The suspended step of the Prespa Agreement

In The Suspended Step of the Stork, the drama by Theo Angelopoulos starring Marcello Mastroianni and Jeanne Moreau filmed in 1990 and 1991, a young journalist is struck by the personality of an elderly refugee who lives almost ascetically in a border town of northern Greece. Angelopoulos does not clarify the city in which the film is set; however, practically, it must be located near Albania or Yugoslavia, whose break up started shortly thereafter. Thus, a borderline film was created on the despair caused by the end of the century and the intersection of two bordering cultures.

This film attracted the interest of public opinion and the press for a long period because in Florina, where some of the filming took place, the film’s script reached the hard-right metropolitan bishop of the city, Avgoustinos Kandiotis. Kandiotis, among other things, was a hardcore opponent of any Macedonian linguistic or ethnic identity. He believed that the screenplay insulted the Greek nation and religion, and he threatened Angelopoulos with excommunication, ordering him to stop film-ing. Refusing to be intimidated, the director decided to continue. The same held true for his crew. For days, filming in Florina continued under terrifying conditions, created by “indignant citizens” led by Kandiotis. The matter took on international dimensions and, naturally, all international players took the side of Angelopoulos – in favour of artistic freedom and against censorship and obscurantism.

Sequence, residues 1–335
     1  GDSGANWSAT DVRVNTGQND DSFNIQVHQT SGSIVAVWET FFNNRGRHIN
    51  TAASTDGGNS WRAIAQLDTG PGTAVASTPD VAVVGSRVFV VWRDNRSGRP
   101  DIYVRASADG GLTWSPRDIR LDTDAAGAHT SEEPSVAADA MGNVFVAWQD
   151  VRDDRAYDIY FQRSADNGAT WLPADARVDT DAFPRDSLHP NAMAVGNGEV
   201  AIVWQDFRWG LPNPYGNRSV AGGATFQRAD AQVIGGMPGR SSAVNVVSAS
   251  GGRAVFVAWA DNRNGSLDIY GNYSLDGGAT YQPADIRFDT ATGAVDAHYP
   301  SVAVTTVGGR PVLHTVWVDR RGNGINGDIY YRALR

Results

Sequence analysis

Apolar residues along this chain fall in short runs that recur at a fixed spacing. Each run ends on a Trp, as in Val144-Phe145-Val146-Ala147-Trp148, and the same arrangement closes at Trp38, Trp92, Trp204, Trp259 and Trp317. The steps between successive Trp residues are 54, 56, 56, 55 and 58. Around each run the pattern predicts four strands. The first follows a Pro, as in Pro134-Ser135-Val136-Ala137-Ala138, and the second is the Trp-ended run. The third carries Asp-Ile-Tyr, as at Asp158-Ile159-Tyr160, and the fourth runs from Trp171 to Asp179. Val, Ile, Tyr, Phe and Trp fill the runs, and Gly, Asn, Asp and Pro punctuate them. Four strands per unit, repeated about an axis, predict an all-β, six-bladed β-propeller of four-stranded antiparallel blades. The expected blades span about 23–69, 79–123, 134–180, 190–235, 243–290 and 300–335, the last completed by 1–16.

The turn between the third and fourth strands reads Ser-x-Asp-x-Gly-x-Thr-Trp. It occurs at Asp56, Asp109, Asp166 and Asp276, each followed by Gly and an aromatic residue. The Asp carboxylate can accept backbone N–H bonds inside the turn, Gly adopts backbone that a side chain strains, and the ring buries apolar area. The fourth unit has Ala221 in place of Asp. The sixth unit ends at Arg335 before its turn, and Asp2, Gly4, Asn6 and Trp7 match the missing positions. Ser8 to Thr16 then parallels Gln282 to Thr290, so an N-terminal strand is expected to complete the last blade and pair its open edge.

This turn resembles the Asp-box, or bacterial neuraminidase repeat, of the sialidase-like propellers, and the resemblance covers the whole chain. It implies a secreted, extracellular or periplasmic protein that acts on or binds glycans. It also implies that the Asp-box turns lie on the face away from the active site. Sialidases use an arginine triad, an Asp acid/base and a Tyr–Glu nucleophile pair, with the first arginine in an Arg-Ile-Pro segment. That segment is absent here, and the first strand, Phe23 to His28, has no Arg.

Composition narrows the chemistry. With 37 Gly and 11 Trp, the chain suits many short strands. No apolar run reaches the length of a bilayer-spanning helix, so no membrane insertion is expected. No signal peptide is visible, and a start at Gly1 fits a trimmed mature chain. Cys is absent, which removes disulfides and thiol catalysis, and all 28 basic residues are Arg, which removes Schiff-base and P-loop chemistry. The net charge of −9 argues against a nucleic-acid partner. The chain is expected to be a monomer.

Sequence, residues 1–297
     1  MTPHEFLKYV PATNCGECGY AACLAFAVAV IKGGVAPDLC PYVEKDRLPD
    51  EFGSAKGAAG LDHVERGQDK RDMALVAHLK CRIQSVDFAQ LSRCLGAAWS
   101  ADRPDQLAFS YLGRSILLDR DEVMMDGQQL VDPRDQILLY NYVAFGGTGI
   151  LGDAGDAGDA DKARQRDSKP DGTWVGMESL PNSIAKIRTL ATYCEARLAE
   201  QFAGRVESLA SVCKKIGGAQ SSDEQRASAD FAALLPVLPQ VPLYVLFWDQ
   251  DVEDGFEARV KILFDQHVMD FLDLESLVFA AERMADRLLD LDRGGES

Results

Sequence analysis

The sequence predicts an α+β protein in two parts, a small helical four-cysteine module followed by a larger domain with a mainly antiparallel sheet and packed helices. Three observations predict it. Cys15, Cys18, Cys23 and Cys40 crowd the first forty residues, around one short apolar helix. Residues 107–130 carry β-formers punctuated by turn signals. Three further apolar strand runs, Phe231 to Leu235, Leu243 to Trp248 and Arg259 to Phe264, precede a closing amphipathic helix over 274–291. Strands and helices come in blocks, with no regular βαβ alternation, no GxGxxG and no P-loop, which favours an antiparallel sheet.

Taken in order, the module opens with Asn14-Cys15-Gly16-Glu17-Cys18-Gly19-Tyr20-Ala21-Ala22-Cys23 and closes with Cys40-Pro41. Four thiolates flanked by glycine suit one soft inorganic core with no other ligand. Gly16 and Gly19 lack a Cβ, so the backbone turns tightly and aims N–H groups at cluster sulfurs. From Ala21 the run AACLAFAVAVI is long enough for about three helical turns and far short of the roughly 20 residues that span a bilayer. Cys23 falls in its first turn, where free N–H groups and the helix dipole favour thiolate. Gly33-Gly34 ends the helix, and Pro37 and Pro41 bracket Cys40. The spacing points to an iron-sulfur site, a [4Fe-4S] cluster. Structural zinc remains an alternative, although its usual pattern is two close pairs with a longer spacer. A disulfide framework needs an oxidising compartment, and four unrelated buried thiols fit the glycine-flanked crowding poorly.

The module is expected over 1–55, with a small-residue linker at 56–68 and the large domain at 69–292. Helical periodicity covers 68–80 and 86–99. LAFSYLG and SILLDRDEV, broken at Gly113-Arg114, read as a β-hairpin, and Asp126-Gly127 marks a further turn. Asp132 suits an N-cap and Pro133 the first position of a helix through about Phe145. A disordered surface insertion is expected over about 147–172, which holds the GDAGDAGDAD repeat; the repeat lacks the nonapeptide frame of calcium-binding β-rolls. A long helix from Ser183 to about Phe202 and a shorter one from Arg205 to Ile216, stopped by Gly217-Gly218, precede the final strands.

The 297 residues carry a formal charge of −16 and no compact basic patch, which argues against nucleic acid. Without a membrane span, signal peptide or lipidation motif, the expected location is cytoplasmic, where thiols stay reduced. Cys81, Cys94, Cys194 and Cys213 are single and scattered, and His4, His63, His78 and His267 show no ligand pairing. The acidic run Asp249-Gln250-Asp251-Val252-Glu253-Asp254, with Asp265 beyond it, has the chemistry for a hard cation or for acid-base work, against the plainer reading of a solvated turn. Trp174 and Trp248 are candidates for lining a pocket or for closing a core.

A large portion of the makedonomachoi (“Macedonian warriors”) of Florina swamped the city holding black flags and picket signs: Caricatures depicted the film director as a traitor holding a bag with 600 million drachmas, while the church bells tolled mournfully. The bishop – a considerable force in the region – did everything in his power to obstruct the completion and distribution of the film. In the end, despite the excommunication of Angelopoulos and the film’s star Mastroianni, the film was finished and made it to Cannes.

At present, the long-awaited Prespa Agreement is following the trail of Angelopoulos’ film. It was greeted around the world as a model international treaty for security, good neighbourly relations and peace; however, within the two states it remains “suspended” because, even today, there are “Kandiotises” with their own audiences on both sides who are rabidly against it – exactly as in the case of Angelopoulos’ film and the adventures it went through until it could finally see the light of day.

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